Companies like CannaRoyalty Corp ($CRZ.C) have always impressed me in terms of their professionalism, management and assets. And then there are companies like Invictus which I believe are sleepers. There are a few gems out there that are making a lot of money but are going under the radar because they are not promotional like some of the fledgling companies. Any company that is making money and increasing revenues without just talking about doing it- ones that are actually turning a profit. Look for the companies that are walking the walk. 

  1. Give us the elevator pitch for Friday Night? Why are you excited about the future of the Company?

I am most excited because of the city of Las Vegas. Traditionally Amsterdam has been the epicenter. Las Vegas has almost 50 million visitors a year, in a very small space, with a much higher per capita use, and they spend more money. Even tourism in Las Vegas as it relates to cannabis will become a huge piece of the potential market share. Being in such a dense area with such a high usage rate is a very exciting long-term prospect for us.

  1. Is the cannabis market heading towards a bubble similar to the dot com bubble?

There are a lot of similarities to the .com era. Although one thing I like to point out is that things like Amazon, Yahoo, Google all came out of that era. So despite 9 out of 10 blowing up, some went on to become multibillion-dollar International conglomerates.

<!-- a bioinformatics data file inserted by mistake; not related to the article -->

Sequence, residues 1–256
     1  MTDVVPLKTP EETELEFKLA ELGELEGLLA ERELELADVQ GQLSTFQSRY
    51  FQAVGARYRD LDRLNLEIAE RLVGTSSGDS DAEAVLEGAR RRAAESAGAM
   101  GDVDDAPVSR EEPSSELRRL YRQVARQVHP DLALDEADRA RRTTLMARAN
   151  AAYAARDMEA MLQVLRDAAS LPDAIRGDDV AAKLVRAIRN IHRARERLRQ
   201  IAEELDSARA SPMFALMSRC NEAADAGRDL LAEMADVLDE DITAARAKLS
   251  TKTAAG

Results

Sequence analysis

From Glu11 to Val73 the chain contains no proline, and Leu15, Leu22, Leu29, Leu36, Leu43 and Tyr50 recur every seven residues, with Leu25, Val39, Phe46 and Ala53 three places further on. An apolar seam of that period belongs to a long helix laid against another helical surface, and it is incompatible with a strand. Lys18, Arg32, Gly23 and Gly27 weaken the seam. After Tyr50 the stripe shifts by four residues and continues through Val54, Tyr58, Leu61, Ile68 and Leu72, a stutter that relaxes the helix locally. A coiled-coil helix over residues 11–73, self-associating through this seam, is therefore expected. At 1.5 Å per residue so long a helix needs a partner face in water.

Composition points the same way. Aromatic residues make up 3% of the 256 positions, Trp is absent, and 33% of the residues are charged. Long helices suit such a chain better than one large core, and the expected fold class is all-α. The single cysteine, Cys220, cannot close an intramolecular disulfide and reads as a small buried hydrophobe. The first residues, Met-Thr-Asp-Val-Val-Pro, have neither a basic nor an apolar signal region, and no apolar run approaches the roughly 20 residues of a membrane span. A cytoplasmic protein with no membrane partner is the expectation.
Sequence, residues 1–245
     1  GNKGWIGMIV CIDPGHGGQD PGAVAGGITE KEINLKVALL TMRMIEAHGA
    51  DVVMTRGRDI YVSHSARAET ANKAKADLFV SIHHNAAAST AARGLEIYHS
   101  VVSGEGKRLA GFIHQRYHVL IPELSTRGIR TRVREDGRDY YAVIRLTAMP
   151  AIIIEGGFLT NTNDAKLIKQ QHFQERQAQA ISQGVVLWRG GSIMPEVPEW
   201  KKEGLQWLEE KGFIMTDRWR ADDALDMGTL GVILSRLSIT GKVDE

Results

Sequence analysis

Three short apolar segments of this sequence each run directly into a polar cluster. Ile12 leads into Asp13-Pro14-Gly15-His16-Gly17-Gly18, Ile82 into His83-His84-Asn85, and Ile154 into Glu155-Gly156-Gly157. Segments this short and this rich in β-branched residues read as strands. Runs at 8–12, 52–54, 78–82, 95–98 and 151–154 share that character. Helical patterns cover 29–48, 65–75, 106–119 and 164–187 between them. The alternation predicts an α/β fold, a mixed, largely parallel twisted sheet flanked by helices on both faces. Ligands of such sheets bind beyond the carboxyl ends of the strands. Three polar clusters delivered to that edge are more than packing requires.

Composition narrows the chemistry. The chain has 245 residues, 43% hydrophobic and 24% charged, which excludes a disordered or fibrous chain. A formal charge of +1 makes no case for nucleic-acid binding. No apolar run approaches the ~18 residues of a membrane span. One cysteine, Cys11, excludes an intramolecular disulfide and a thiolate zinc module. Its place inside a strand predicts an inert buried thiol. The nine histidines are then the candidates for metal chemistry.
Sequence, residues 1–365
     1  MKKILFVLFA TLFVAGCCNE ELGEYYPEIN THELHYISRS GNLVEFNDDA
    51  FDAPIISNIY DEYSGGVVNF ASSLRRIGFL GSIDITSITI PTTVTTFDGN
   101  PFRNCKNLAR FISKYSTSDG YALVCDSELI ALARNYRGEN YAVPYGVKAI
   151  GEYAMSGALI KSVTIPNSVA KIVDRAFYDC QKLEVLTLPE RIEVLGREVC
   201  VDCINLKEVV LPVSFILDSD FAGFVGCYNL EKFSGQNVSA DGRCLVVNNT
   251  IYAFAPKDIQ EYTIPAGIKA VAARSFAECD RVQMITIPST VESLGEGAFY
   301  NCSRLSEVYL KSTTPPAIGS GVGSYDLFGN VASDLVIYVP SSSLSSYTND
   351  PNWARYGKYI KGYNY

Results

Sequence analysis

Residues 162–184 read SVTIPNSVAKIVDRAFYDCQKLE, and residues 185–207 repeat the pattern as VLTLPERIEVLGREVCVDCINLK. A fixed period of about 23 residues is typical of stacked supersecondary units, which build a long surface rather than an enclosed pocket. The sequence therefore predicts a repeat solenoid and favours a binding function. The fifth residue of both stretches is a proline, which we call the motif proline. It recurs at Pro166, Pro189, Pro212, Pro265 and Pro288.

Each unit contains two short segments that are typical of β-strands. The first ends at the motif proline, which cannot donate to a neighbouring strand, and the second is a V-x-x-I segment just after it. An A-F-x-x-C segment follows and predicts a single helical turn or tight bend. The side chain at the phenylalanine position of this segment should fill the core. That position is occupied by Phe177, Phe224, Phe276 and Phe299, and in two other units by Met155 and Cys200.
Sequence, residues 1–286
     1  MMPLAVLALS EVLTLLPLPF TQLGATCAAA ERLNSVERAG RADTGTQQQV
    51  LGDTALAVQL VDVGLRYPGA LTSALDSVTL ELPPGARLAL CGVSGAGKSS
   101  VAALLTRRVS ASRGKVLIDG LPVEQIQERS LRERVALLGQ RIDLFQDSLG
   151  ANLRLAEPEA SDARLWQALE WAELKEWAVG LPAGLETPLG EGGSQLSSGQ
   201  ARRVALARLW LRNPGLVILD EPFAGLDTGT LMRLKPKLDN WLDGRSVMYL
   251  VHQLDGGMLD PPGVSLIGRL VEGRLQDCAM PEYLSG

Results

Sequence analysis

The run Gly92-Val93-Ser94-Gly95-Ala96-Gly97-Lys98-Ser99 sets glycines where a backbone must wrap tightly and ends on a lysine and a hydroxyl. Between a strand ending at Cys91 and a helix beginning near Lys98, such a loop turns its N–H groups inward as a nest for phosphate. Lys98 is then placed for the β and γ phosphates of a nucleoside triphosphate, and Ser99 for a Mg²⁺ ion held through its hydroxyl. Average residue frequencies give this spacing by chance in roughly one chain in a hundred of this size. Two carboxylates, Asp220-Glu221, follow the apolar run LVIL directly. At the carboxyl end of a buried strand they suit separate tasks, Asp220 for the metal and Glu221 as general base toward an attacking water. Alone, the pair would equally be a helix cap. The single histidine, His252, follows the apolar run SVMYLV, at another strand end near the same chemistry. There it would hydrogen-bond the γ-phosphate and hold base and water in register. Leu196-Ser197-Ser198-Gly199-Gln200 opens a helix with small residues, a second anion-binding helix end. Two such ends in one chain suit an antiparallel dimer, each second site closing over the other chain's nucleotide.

I don’t think it’s a bubble at all but I think the majority of the players are very overpriced. One has to apply traditional fundamental principles to ensure you are not paying “.com” valuations.

  1. Tell us more about your products.

Check out both of these links: www.amanev.com www.cannahemp.com

Alternative Medicine Association LC (AMA), our 91% owned subsidiary, has a very extensive list of items from their flower to their pre-rolls to dozens of various extracted products.

Infused MFG is our CBD asset and makes all sorts of topical creams, lotions, CBD vapes, etc. Those SKUs are quite exciting because we are able to sell them online and outside of the dispensary model in Las Vegas because they do not contain any THC.

  1. Where will the company be at the end of 2018?

If the company can meet its objective of increasing its production capacity I would like to hope we will be approaching the neighborhood of at least 20 million a year by the end of 2018. We are already beating our projections and I expect that to continue.

AMA Flower: Tangerine Dream
AMA Flower: Tangerine Dream


This is not in any way investment advice nor any sort of stock recommendation. Please do your own due diligence and talk to a qualified investment advisor.

The contents of this article are for informational purposes only.  Nothing in this article, in any way whatsoever, should be considered implicit or explicit investment advice. Nothing contained herein is a recommendation or solicitation to buy, hold or sell any security. Note the inherent risks when investing in microcap stocks. Prior to making any investment decision, we recommend that you seek outside advice from a qualified and registered investment advisor.

Friday Night Inc is not a client nor an advertiser.